1. Install ruby1.9.1 package for the Ruby language (also installs the libruby1.9.1 package that contains the standard Ruby library)
  2. Install ruby1.9.1-dev package in order to install gems that use native extensions

11 June 2012

Installing Rails 3.2.3 In Ubuntu 10.04

Ruby needs to be installed before installing Rails. It is highly recommended that Ruby 1.9.2 or greater is used.

  1. Install Rails as a Ruby Gem – gem install rails -v 3.2.3
  2. Add the following PPA as a package repository – ppa:chris-lea/node.js
  3. Install the required python-software-properties package
  4. Update the package manager
  5. Install the nodejs package
  6. Install sqlite3 package
  7. Install libsqlite3-dev package
  8. Install the sqlite3 gem – gem install sqlite3 -v 1.3.5


Notes


It is highly recommended that the Rails documentation is generated in order to have an offline Rails API reference. Do the following to create the API reference:

  1. In your home directory run this command – rails new sample_app
  2. Navigate to the newly created directory
  3. Run the following command to generate the documentation – rake doc:rails
  4. Move the generated documentation from doc/api to your Documents directory
  5. Rename the moved documentation directory to rails-3.2.3-api-doc
  6. In the rails-3.2.3-api-doc directory create a shortcut to index.html on your desktop, or view index.html in the web browser and bookmark it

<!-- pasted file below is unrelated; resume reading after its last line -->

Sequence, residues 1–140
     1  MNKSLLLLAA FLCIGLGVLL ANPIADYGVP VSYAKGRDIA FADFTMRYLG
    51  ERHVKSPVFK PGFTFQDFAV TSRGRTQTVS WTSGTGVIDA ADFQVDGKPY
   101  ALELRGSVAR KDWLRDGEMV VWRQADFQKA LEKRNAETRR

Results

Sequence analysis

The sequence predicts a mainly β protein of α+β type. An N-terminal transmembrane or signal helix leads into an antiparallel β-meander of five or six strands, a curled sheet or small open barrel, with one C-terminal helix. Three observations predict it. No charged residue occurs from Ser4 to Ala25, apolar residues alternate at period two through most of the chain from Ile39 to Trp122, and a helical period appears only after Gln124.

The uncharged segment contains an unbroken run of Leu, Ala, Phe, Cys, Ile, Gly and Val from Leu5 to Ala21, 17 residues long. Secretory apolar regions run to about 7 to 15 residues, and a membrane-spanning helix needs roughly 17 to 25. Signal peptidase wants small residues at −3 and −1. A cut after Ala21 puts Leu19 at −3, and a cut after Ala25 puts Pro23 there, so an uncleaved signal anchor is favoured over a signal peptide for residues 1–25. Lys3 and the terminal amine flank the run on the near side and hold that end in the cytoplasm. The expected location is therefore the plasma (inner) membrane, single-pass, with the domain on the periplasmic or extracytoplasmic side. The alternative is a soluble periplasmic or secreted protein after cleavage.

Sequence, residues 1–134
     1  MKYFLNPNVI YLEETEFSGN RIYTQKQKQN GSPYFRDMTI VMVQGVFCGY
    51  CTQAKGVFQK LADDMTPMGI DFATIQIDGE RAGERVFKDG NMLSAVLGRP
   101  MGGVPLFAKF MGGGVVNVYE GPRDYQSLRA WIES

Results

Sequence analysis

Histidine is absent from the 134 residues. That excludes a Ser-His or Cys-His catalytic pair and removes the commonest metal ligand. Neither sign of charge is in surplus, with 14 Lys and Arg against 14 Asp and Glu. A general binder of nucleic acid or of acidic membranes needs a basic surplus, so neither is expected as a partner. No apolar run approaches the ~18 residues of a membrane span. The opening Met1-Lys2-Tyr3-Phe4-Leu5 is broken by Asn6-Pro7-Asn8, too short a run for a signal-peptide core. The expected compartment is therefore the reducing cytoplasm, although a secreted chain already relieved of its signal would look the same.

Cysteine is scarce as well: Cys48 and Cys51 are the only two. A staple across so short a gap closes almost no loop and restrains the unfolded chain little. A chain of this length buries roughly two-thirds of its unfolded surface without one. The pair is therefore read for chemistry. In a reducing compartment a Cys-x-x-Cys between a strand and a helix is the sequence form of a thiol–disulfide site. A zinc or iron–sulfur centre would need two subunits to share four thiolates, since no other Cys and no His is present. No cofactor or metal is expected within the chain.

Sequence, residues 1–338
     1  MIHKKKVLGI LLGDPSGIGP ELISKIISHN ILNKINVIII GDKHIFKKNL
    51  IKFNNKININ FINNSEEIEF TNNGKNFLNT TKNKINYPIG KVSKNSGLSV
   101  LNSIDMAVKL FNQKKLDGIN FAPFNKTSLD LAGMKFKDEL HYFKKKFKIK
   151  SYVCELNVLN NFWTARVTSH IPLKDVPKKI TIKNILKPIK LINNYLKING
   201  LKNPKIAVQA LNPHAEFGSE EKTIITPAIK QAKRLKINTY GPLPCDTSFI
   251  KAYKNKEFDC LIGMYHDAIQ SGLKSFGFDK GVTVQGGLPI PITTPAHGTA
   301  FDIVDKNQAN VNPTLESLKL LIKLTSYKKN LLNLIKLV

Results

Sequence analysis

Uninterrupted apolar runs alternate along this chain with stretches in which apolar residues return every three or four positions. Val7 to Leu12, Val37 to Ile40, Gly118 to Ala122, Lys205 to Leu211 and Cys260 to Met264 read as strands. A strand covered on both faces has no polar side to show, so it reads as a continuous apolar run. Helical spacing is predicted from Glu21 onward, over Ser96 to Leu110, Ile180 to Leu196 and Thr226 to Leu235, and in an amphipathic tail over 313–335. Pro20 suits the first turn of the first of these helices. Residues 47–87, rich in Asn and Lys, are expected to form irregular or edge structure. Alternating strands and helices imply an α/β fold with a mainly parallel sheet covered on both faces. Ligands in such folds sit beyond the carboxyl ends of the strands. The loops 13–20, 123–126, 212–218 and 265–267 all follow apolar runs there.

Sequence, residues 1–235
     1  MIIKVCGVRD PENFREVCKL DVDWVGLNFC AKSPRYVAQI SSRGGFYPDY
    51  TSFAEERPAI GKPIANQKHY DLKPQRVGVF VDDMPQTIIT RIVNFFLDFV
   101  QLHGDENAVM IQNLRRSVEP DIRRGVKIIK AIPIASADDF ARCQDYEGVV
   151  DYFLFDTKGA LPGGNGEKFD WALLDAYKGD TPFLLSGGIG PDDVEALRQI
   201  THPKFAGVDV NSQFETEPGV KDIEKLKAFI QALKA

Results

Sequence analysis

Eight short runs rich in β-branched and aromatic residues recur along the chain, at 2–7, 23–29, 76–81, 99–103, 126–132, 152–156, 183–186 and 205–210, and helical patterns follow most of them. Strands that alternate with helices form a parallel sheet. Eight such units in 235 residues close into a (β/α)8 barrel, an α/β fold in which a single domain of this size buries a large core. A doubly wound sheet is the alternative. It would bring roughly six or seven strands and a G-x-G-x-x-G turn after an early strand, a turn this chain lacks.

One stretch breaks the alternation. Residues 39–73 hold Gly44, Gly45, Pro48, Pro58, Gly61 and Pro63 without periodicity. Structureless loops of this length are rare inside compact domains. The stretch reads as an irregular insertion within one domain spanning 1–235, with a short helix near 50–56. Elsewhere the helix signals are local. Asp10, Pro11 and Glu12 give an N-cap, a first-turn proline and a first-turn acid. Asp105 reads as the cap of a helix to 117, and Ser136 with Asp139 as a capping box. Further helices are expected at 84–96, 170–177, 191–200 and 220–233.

27 May 2012

Installing Ruby 1.9.3 In Ubuntu 10.04

Prerequisites for installing Ruby 1.9.3 via RVM are that GIT and Curl is installed.


Installing RVM


  1. Download and run RVM install script - sudo bash -s stable < <(curl -s https://raw.github.com/wayneeseguin/rvm/master/binscripts/rvm-installer )
  2. Add all users who need to use Ruby to the RVM group
  3. Logout and login
  4. Update RVM so that the rvm command can be run - rvmsudo rvm get head
  5. Reload the terminal (shell) - source ~/.profile
  6. Test to see if RVM was installed and configured properly - type rvm | head -1
          Terminal should output the following, rvm is a function



Installing Ruby 1.9.3


  1. Install Ruby 1.9.3 – rvm install 1.9.3
  2. Set the default version of Ruby to use to 1.9.3 – rvm use 1.9.3
  3. Test to see if the Ruby interpreter runs with the correct version – ruby -v


Installing OpenSSL And Readline Packages


  1. Install libssl-dev Ubuntu package
  2. Install OpenSSL RVM package - rvm pkg install openssl
  3. Reinstall Ruby with OpenSSL support - rvm reinstall 1.9.3 --with-openssl-dir=$rvm_path/usr
  4. Install libreadline6-dev Ubuntu package
  5. Install Readline RVM package - rvm pkg install readline
  6. Reinstall Ruby with Readline support - rvm reinstall 1.9.3 --with-readline-dir=$rvm_path/usr


Notes


Before starting on the installation of RVM you may need to change a setting in Gnome Terminal if it is used. In Gnome Terminal goto Edit → Profile Preferences. Within the shown dialog select Title and Command tab. Ensure that Run command as login shell is checked.

05 June 2011

Visage Development/Support Survey

I have created a survey on improving the development and support for the Visage language. If you can help out with completing the survey that would be highly appreciated. The more results that can be collected from the survey the more complete the picture will be on improving Visage. Please get as many people as you can involved with completing the survey.